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To receive any apologies for absence.
Apologies for absence were received from Martin Brecknell and Councillor Eleanor Kerslake (maternity leave). Apologies for lateness were received from Councillor Eliza Mann.
NOTIFICATION OF ANY ITEMS OF BUSINESS WHICH THE CHAIR DEEMS URGENT
In special circumstances, an item of business may be added to an agenda within five clear working days of the meeting.
There were no late items.
DISCLOSURE OF INTERESTS AND DISPENSATIONS
Members to declare any interests and dispensations in respect of any item of business to be considered at this meeting.
Councillor Jason Ochere declared that he was a school governor in the borough of Lewisham for which a significant number of Southwark residents attended.
To approve as a correct record the Minutes of the meeting held on 20 July 2020.
That the minutes of the meeting held on 20 July 2020 be approved as a correct record.
REVITALISATION OF HIGH STREETS AND TOWN CENTRES - SCRUTINY REVIEW PREPARATIONS
To receive a brief overview from the cabinet member for Jobs, Culture and Skills on the development of the proposed plan for revitalisation of high streets and town centres.
To also hear from other stakeholders and to consider scrutiny preparations for forthcoming meetings.
The chair explained that as part of the scrutiny review the commission was particularly interested in understanding the current challenges that high streets and town centres are facing both long standing and in the context of Covid.
Nicole Gordon outlined the experiences of businesses in the Bankside area in the current climate. Nicole reported on footfall which was down 50% for the time of year, impact of people working from home, area heavily reliant on office workers, occupancy of hotels and impact on the hospitality sector and consumer facing businesses, such as pubs, restaurants and gyms of which 91% were now open. Theatres still remained closed.
Nicole also reported on redundancies, particularly in the hospitality sector, businesses downsizing as not needing as much space or trying to reduce costs, end of furlough and grants scheme and business rate holidays coming to an end.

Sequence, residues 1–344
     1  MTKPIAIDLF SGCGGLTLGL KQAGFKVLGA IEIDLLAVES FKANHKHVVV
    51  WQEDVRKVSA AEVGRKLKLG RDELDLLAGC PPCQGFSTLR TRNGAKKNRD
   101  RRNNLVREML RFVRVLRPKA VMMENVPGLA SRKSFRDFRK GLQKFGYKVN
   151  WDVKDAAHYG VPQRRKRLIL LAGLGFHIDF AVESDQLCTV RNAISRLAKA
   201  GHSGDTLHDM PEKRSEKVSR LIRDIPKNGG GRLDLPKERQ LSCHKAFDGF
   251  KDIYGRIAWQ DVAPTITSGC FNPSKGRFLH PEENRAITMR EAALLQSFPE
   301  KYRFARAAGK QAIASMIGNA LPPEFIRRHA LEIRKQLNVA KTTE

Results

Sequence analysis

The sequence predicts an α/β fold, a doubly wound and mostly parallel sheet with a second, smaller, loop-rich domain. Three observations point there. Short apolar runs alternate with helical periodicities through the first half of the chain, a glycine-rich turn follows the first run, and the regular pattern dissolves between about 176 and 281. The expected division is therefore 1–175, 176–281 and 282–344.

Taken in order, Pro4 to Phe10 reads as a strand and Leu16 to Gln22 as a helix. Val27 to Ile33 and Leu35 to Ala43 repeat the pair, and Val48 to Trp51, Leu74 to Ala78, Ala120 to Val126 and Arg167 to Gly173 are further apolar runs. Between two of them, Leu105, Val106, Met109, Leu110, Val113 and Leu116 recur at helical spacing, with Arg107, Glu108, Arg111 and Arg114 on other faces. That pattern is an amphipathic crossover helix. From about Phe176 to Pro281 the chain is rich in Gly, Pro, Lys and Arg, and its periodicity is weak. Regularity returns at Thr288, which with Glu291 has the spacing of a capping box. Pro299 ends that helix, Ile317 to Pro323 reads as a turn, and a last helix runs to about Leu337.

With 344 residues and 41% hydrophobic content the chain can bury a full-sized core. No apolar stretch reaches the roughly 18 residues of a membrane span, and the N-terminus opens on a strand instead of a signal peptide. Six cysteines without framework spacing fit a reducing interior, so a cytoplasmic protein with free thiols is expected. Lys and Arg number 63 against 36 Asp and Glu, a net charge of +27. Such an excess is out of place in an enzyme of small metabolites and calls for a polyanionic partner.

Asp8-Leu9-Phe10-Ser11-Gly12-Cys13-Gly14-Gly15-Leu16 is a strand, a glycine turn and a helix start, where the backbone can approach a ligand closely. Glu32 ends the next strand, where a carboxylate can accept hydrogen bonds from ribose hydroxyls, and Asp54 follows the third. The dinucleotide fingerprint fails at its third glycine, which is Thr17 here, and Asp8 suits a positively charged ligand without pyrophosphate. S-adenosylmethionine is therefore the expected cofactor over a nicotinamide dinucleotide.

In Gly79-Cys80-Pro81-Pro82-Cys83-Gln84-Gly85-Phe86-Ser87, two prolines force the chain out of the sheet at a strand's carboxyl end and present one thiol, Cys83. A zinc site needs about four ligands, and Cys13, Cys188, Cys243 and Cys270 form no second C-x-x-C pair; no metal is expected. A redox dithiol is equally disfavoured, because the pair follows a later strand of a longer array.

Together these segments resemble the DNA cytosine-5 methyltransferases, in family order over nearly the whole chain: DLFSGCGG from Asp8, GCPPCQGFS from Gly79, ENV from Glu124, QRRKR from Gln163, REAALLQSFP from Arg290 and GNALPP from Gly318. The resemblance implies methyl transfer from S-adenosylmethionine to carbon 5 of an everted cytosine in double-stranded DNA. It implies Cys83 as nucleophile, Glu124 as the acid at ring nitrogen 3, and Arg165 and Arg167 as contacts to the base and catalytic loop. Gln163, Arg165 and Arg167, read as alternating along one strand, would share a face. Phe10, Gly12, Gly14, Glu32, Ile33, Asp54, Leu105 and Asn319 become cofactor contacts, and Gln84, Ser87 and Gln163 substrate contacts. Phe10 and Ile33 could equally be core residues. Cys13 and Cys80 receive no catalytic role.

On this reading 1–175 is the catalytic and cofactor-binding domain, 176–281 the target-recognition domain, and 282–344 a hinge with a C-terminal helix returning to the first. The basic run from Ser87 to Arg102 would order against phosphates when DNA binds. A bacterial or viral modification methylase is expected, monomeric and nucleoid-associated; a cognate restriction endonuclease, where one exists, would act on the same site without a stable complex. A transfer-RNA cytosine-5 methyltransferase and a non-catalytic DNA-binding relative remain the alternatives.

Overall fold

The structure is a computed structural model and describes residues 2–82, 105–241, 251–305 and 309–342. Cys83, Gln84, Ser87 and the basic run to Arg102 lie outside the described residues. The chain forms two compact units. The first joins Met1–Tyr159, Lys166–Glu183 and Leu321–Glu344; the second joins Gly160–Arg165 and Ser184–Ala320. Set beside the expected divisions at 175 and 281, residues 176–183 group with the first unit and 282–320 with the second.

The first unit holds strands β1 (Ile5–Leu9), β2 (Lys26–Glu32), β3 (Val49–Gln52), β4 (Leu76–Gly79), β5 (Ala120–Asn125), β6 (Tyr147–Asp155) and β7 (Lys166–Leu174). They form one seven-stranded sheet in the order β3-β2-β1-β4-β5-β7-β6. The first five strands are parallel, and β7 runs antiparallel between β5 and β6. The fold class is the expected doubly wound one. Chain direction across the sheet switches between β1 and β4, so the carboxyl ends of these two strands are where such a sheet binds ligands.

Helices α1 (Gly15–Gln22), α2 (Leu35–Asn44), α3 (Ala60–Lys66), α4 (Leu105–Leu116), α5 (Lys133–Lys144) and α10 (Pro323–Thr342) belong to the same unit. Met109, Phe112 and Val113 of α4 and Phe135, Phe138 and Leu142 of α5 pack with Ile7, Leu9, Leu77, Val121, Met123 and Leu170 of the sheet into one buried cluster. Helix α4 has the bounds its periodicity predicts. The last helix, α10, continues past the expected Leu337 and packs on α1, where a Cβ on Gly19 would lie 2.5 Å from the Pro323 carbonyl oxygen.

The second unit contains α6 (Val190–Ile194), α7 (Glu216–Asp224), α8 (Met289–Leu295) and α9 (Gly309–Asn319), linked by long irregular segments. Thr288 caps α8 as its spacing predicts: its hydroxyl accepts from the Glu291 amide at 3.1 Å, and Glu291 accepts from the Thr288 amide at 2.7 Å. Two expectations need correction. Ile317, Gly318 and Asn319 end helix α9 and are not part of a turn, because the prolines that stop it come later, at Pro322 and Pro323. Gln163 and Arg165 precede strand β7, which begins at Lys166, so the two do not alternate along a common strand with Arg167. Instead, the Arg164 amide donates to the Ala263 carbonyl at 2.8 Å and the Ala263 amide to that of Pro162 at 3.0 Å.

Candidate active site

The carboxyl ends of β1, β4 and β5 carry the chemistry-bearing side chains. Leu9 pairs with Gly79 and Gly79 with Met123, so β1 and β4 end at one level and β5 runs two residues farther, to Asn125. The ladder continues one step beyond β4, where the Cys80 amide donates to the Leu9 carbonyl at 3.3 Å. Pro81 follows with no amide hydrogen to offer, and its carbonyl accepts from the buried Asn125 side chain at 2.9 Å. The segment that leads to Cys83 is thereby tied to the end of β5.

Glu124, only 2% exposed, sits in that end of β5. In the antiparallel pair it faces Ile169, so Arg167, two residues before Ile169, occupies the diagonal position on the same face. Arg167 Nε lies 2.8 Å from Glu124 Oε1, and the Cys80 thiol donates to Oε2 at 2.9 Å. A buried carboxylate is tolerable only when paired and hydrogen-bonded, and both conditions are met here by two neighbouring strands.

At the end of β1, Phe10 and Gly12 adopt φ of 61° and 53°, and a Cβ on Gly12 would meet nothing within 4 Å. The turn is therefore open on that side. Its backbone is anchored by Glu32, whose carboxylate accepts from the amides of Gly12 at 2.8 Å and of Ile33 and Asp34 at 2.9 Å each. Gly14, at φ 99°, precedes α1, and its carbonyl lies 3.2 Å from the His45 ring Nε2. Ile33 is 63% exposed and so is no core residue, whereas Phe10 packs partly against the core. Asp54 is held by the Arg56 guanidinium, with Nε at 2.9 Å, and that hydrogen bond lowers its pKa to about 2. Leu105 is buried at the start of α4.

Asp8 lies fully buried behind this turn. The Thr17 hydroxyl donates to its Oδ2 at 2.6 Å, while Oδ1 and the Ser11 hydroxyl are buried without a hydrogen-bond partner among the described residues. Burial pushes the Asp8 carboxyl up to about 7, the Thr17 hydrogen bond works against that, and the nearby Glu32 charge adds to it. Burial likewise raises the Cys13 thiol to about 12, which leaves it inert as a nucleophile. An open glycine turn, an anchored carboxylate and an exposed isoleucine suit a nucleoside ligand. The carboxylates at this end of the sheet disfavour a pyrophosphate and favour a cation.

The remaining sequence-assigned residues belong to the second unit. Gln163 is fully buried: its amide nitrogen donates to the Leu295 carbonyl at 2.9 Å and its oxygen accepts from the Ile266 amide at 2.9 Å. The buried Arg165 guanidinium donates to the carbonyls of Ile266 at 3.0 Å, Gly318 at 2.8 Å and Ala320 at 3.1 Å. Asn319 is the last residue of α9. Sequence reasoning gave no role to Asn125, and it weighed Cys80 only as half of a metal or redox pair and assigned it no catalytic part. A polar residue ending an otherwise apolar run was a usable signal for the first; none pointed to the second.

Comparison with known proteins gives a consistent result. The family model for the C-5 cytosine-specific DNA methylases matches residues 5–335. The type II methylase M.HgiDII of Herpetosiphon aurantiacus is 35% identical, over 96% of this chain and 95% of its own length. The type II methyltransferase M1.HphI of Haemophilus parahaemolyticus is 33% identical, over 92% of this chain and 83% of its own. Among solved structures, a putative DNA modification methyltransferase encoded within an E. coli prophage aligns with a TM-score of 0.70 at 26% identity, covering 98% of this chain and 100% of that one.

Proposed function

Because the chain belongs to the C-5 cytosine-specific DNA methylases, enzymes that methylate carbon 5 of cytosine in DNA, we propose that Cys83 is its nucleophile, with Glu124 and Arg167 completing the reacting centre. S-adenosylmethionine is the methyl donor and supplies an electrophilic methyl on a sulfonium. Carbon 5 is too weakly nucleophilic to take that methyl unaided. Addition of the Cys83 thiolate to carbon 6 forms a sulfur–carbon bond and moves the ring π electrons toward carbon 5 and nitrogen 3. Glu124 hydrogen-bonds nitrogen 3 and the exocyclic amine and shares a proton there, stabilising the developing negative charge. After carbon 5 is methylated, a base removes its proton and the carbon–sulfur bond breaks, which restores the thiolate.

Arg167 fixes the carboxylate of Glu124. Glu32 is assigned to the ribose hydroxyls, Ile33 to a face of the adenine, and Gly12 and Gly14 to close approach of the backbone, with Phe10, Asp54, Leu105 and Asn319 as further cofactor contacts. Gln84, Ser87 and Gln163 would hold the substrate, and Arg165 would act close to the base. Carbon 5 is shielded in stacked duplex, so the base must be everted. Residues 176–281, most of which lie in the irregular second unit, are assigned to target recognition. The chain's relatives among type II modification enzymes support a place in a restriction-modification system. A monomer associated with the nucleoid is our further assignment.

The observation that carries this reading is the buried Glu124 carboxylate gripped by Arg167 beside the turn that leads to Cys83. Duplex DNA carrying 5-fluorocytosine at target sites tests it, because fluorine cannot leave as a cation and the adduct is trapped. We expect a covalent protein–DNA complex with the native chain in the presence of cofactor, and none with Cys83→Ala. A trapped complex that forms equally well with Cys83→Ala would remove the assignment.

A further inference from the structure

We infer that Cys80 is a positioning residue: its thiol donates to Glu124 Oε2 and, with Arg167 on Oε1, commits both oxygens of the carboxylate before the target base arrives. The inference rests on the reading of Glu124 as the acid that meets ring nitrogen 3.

Nicole informed the meeting of the main concerns coming from businesses which was whether they could survive over the coming months due to the long period where businesses, particularly hospitality sector would not see customers at the levels that they are used to and need in order to continue. There was also confusion for office based businesses around guidelines from central government on what businesses can and can’t do, and concerns around employee wellbeing, for those who need to come into the office due to not having right working environment at home.
In respect of challenges that may be facing high streets like those in Bankside, there was the worry of empty spaces on high streets, impact of permitted development rights legislation which would see commercial properties being lost to residential.
Opportunities to explore – next generation businesses that can fill gaps created by larger companies reducing property portfolio or moving out of central London locations may provide opportunities for next generation businesses, entrepreneurs , young people and community organisations who may be able fill those spaces to make sure high streets remain animated. She stressed that she did not think this would be possible without intervention from bodies such as local authorities who would be able to work with landowners and developers and be able to think creatively about a sustainable recovery to the high street and to breakdown barriers for groups who might not otherwise have opportunities.
The commission also heard from Councillor Stephanie Cryan, Cabinet Member for Jobs, Culture and Skills who provided an overview of the Council’s action plan on revitalising high streets and town centres. The commission also heard from Danny Edwards, Strategy and Partnerships Manager and Aileen Cahill, Head of Culture.
Questions and discussion arose around the following:
· Recreating spaces to provide opportunity for creative industries to thrive on the high street
· STRIDE - Work being undertaken alongside Lewisham, Lambeth and Wandsworth (4 borough strategic investment pot bid) to provide affordable workspace, training and startup support in the Tech and creative industries and to look at how to get more diversity into those sectors. Formerly called South London Innovation Corridor, ... view the full minutes text for item 5.
CHILDREN RETURNING TO SCHOOL
To receive an update from the deputy leader and cabinet member for children, young people and schools on council activity in respect of children returning to school.
To also hear from teacher representatives and young people on the experience of returning to school and the impact of covid-19 on education.